“Have no fear of perfection - you'll never reach it." -Salvador Dali
I had an entirely different blog post scheduled for today, but I just couldn’t hit send.
I kept re-reading the post, finding holes in it, thinking there wasn’t enough research, wondering about my voice, questioning my message. It wasn’t funny enough, the story didn’t connect enough.
It wasn’t polished and perfect enough.
There it was. The word that stops progress in its tracks.
The word that keeps us from trying.
The word that scowls at us in the mirror.
The word that keeps us from going after the job, the relationship, the dream, the life, and the passion we want.
Perfectionism had reared its ugly head.
Perfectionism is a need for things to be perfect or at least appear that way. Perfect is a soul-crusher, a dream-destroyer, a fun-killer.
We see quotes all over the internet that say things like, "progress over perfection" and "done is better than perfect"...but, if you’re a perfectionist, there is a little voice inside saying, "Yeah, but perfect progress is really best. What's the point if it isn't done perfectly?"
Striving for perfection may seem like a beneficial trait. It can cause some of us to try harder. But, research shows that the so-called benefits of perfectionism are thwarted by the costs.
Perfectionism can negatively affect our health. Research has shown perfectionists procrastinate more. Studies have found perfectionists to be risk-averse, which can inhibit innovation and creativity. If that isn't enough, perfectionists are at a higher risk for eating disorders, depression, and suicide.
Ironically, perfectionists have been found to be less successful.
As said in an article for Psychology Today, “Perfectionism may be the ultimate self-defeating behavior. It turns people into slaves of success—but keeps them focused on failure, dooming them to a lifetime of doubt and depression. It also winds up undermining achievement in the modern world.”
How many of us are sitting on something just waiting for the perfect moment? Waiting for the perfect situation? The perfect time? Until everything is lined up...perfectly?
The urge to give up your need for perfect may stir up a little resistance. I get it. My resistance in this department runs high.
The thing is, perfectionism stems from fear.
Fear of not being good enough, fear of failing, fear of not being liked, fear of being abandoned, for fear of not being accepted. Fear, in this case, is just masquerading behind a perfectly pretty mask of perfection.
When we strive for perfect, we tell ourselves that nothing else will do. We put parameters on our efforts that are not only unrealistic, they are unachievable. We set ourselves up for failure, which in turn adds fuel to the fire because we are unable to see the benefits of failure, or learn from our mistakes.
When nothing but perfect will do, we give up on activities we can't be instantaneously good at. We quit sports we can't be the best at. The thought of doing something just for fun doesn't exist. When we look for perfection to validate us, we suck the joy out of life while giving ourselves an increasingly longer yard stick to measure our self-worth.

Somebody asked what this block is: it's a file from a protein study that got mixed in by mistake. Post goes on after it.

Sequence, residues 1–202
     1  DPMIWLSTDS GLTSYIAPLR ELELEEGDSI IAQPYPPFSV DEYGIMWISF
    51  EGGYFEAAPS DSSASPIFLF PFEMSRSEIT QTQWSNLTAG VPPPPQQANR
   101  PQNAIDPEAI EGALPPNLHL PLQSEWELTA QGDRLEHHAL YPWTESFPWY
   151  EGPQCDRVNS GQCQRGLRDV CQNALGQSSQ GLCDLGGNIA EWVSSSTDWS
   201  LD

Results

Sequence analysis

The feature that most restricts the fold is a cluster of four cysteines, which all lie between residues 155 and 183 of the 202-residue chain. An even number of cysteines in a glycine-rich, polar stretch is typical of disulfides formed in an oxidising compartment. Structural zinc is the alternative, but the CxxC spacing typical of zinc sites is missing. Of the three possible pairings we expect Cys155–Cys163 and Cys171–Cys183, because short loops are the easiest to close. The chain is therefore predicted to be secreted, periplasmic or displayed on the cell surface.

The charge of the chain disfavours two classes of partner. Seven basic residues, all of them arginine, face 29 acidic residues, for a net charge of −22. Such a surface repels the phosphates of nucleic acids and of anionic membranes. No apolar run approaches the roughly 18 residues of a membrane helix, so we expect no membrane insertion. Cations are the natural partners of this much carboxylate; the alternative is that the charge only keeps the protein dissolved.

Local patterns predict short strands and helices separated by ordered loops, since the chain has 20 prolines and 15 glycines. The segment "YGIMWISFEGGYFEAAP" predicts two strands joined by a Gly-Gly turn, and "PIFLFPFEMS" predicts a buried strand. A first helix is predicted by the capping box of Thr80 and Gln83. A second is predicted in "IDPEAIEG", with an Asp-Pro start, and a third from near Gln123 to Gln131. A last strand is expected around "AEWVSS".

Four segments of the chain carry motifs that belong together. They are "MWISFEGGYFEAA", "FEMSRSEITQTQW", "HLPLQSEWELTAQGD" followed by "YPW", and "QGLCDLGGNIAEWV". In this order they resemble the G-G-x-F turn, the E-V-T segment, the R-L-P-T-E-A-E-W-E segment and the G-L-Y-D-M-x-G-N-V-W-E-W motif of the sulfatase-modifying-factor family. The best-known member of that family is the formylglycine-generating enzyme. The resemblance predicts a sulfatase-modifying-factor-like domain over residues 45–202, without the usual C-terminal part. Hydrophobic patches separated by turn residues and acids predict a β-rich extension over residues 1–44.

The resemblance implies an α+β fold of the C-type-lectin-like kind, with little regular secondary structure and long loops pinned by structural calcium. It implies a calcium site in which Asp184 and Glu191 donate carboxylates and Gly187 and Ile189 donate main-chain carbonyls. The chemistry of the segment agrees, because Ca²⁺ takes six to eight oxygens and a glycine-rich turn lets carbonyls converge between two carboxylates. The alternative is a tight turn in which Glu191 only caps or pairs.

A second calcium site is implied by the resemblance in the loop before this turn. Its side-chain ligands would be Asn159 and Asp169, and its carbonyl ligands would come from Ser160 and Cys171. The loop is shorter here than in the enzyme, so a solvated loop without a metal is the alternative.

When we let perfectionism weasel its way into our life, we self-sabotage, because why bother trying when we know we can’t be perfect? Why try when we know the sting of missing the mark is waiting for us?
Perfectionism often comes at the expense of our self-compassion and self-esteem. “Perfectionistic people typically believe that they can never be good enough, that mistakes are signs of personal flaws, and that the only route to acceptability as a person is to be perfect,” says Thomas S. Greenspon, a psychologist and author of a recent paper on an “antidote to perfectionism,” in an article for NY Mag. The article goes on to share research that shows perfectionistic people are not people are not so perfect at loving themselves. (Read how to increase your self-love here.)
Perfectionism often gets it's start in childhood, growing right along with us. While we might not be able to eradicate it overnight, becoming aware is an important step.
Here are a few ways to combat perfectionism:
- Where are you driving yourself hard? Look for the places you are putting pressure on yourself to perform perfectly. Show yourself some compassion and accept your best instead.
- Look for areas in your life you can let go of black-and-white, all-or-nothing thinking and the need for particular results.
- Try a new activity for the sheer enjoyment of it, like a new sport or hobby you aren't immediately the best at.
- Think about some things you have finished imperfectly. Celebrate them!
- Remember the 80/20 principle: for many events, 80 percent of our results come from 20 percent of our efforts. Take that, perfection!
- Look at people you admire. How are they perfectly imperfect? This isn't about comparing yourself or knocking others down. It's about seeing the beauty and humanity in imperfection.
- Take a cue from John Green, "I just give myself permission to suck...I find this hugely liberating." Give yourself permission to suck.
As for me? I'm accepting the imperfect nature of blogging...and hitting send.